BETEL – According to the Bible, Jacob had a dream where he saw a ladder ascending to Heaven, with angels going up and down. He named the place where he was dreaming BETHEL. So, drop the H (not hard). Betel is a plant genus including pepper and kava kava, and another one with leaves which are often chewed.

47 comments on “Times 27291 – no more pancakes for a while, please.”

  1. A rather bland one today, although I imagine Jim will have something to say about ANNOTATED. Liked SOMNAMBULIST.
    1. Jimbo’s got us all conditioned to wince at clues like ANNOTATED now. Can’t help but suspect the setter of trolling!
      1. Me too .. though for added effect, s/he could have done something with procrastinaTED as well..
  2. (Any relation to Sal Volatile?)
    It’s like “orientated,” with that extraneous syllable.
    One of these words (or a slight variant) is also in today’s QC.
    We Americans spell “gismo” with a zed.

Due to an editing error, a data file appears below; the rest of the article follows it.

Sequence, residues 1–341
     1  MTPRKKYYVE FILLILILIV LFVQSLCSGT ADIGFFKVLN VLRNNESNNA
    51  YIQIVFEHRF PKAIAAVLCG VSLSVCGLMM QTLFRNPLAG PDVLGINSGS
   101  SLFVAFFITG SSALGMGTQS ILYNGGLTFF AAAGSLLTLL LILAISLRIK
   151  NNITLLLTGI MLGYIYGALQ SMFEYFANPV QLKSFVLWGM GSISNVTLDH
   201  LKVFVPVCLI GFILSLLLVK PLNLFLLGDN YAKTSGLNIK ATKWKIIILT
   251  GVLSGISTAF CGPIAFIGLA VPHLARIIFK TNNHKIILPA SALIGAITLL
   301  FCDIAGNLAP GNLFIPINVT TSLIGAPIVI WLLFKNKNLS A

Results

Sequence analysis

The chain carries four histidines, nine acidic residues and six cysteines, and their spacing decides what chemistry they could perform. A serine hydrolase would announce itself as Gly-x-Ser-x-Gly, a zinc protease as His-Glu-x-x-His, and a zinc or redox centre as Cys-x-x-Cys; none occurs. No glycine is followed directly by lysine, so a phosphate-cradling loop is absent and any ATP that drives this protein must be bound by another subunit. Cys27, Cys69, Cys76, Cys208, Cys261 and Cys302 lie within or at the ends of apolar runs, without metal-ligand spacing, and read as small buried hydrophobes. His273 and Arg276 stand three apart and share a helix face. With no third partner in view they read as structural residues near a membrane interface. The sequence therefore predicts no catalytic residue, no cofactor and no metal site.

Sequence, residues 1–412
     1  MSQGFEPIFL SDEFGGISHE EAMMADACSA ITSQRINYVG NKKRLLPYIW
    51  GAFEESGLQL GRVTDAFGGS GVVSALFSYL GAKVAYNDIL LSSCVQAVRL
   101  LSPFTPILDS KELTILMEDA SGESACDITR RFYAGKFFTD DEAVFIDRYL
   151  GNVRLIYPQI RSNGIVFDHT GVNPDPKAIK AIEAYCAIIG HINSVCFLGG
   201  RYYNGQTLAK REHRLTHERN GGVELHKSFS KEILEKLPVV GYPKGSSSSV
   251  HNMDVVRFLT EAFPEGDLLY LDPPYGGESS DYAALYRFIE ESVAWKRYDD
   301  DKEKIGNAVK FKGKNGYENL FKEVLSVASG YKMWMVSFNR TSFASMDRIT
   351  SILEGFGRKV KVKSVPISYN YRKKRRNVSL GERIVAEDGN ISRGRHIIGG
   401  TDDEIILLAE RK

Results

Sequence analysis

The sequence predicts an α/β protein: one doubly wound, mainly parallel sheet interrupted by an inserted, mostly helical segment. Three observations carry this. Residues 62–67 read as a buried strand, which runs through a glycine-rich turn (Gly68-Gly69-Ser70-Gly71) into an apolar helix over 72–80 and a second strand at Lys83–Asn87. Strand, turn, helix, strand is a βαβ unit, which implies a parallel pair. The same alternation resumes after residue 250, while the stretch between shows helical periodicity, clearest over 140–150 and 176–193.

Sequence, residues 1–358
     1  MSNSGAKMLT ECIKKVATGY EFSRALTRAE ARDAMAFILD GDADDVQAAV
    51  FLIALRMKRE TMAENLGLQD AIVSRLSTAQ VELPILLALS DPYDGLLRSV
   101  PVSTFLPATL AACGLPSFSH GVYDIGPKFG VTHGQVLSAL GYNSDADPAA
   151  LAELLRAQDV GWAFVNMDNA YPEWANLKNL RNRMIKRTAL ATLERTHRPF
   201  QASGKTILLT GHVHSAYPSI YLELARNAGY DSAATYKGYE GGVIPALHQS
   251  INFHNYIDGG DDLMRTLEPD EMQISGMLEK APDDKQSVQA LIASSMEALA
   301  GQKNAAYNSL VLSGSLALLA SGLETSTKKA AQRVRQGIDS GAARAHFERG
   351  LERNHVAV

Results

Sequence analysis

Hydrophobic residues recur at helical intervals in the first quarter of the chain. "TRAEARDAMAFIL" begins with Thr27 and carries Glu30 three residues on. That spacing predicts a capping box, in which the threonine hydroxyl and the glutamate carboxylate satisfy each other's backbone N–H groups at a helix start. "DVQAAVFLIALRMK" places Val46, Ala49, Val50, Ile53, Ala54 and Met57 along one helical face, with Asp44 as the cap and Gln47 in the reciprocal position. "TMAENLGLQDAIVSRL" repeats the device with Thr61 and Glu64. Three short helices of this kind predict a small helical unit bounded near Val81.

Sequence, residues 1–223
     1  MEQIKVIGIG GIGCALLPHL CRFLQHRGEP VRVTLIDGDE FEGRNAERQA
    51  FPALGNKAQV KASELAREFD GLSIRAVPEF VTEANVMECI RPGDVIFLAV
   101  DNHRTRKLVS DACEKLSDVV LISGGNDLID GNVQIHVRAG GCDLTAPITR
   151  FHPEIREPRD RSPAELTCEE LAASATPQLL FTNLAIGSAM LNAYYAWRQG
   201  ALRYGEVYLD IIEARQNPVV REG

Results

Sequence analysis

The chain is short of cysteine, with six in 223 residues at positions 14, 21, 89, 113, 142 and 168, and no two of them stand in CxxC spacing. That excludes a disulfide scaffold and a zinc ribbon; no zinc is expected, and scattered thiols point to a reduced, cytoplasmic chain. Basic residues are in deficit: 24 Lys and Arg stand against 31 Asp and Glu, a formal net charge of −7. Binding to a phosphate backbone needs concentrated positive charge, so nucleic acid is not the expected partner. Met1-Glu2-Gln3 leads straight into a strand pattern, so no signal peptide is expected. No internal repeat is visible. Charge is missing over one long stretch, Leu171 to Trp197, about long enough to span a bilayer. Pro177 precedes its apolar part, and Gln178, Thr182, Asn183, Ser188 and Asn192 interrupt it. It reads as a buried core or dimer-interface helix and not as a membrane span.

I liked SOMNAMBULIST too.
  3. 22 mins for me so easyish. Some very neat surfaces. I too liked SOMNAMBULIST. What’s not to like about a clever cryptic definition.
    Maybe it’s time to retire ‘cricket side’ for ON (or OFF). It seems to irritate non-cricket fans and is just a giveaway (a long hop maybe) for the rest of us.
  4. 37 minutes with a leap of faith at 23dn assuming BET{h}EL had something to do with Jacob and his ladder. A timely clue at 9dn as today is ASH WEDNESDAY. Another answer also appears in today’s QC (though in the plural there) so it was fresh i nmy mind just after solving that. 1dn is a brilliant cryptic although I think I have seen it here before, or something very similar.

    Edited at 2019-03-06 06:44 am (UTC)

  5. 9:56 … yep, a confidence booster for old hands.

    BLEATS is a very nice hidden.

    THORNTON WILDER shows the benefit of having a memorable name, as I’m sure I’m not the only one who knew the name well without knowing anything else about him.

    1. Well-known, at least used to be, in the US, especially for his play “Our Town”.